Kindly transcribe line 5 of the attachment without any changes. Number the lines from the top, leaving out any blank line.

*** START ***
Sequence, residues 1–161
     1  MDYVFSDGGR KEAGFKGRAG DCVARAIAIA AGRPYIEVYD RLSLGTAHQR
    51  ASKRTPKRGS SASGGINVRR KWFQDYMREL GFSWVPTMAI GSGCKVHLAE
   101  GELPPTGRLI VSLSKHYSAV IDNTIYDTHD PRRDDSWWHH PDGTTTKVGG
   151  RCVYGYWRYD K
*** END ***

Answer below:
   151  RCVYGYWRYD K